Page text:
State departments, cities, state lawmakers and councilmembers are joining the fight in helping homeowners by promoting Keep Your Home California

Cooperation greatly improves success.Image

Just ask any business owner, child, school teacher or winning baseball team. Or just walk down the hall looking for a hand on a home project or knock on the next-door neighbor’s door and ask to borrow a shovel or trimmer.

Working together yields much better results.

And that’s how several California agencies and departments look at the fight by many homeowners to save their homes. These departments are integral partners with Keep Your Home California.

For example, the state Employment Development Department has delivered flyers about Keep Your Home California to more than 650,000 homeowners in recent months. It’s the second massive mailing effort detailing the free mortgage-assistance program during the past year.

Out-of-work homeowners must be eligible for jobless benefits in order to qualify for our most popular program – the Unemployment Mortgage Assistance program. Under the program, homeowners can receive as much as $3,000 per month for up to 12 months (we recently expanded the program from the previous nine-month limit).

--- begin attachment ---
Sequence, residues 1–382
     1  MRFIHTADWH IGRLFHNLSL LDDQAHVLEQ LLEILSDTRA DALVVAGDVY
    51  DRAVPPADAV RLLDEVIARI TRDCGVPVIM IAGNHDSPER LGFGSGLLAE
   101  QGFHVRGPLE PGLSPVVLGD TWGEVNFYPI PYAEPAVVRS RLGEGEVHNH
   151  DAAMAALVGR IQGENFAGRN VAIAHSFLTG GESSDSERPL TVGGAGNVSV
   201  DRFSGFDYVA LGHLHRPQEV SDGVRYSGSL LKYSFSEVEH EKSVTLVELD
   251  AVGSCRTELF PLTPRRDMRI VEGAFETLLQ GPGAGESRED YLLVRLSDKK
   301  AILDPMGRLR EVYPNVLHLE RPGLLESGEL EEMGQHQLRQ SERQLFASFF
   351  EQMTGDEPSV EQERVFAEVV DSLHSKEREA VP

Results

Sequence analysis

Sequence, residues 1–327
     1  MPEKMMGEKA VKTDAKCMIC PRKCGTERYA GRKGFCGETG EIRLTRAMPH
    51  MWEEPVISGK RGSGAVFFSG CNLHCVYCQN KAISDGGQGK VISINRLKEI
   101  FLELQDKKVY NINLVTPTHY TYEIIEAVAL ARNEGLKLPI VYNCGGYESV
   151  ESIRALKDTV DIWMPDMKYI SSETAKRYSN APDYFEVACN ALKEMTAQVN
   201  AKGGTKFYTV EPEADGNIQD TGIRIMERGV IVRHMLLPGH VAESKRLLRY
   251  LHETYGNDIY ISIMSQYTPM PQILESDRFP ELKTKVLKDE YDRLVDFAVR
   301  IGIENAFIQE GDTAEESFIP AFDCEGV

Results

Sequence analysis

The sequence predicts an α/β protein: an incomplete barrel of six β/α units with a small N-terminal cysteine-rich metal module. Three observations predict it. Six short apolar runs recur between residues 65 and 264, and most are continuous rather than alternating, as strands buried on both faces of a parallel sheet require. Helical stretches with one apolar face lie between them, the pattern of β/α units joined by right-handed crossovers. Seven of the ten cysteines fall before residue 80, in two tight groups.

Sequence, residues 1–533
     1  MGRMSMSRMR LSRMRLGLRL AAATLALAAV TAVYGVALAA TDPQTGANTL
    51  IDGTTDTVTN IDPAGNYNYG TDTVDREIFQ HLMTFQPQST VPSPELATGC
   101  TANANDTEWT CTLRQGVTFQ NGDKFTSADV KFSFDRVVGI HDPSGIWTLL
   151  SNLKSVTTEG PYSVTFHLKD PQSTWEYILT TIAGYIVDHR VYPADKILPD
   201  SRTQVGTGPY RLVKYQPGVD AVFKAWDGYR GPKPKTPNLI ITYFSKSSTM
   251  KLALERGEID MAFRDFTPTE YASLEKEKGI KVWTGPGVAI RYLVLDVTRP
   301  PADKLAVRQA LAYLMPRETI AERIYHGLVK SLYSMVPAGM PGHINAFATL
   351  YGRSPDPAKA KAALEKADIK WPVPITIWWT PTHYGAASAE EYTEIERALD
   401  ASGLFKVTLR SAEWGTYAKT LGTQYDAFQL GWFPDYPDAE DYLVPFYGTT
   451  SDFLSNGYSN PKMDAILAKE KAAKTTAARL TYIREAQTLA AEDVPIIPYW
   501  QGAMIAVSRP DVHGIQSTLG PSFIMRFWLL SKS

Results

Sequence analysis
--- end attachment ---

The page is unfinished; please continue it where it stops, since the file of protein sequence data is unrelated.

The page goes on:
The EDD’s cooperation has been invaluable, reaching nearly 2 million unemployment recipients in the past 15 months, many of which are hard-hit homeowners who could benefit from Keep Your Home California.

Another partner has been the Department of Motor Vehicles. Yep, the same DMV where you apply for a drivers license, register vehicles and takes those vision tests. DMV has hung Keep Your Home California posters about the program in many of its offices statewide.

So, rather than read a boring magazine or listen to the folks next to you argue about who is the better driver, look around the DMV office and learn more about Keep Your Home California.

The Bureau of Real Estate, which monitors real estate licenses, has also been a big cheerleader of Keep Your Home California. In addition to posts on social media – think Facebook and Twitter – the department has educated real estate professionals about the state-run program in other ways as well, including emails with links to the website.

And the Department of Business Oversight (DBO) – the brand new state department created by merging the former Department of Corporations and Department of Financial Institutions – continues to closely monitor possible scams that target homeowners in desperate need of mortgage help.  Keep Your Home California is a free program, so if anyone asks for money to apply for the program or help with the process, you are likely the target of a scam.  DBO is also helping to distribute information for Keep Your Home California so homeowners know there are legitimate, free resources available to them.

Keep Your Home California has also connected with state and federal lawmakers who have informed their constituencies about the program. Finally, many California cities, mayors and city councilmembers have promoted the program, since they recognize the importance of easing foreclosures, stabilizing prices and helping homeowners.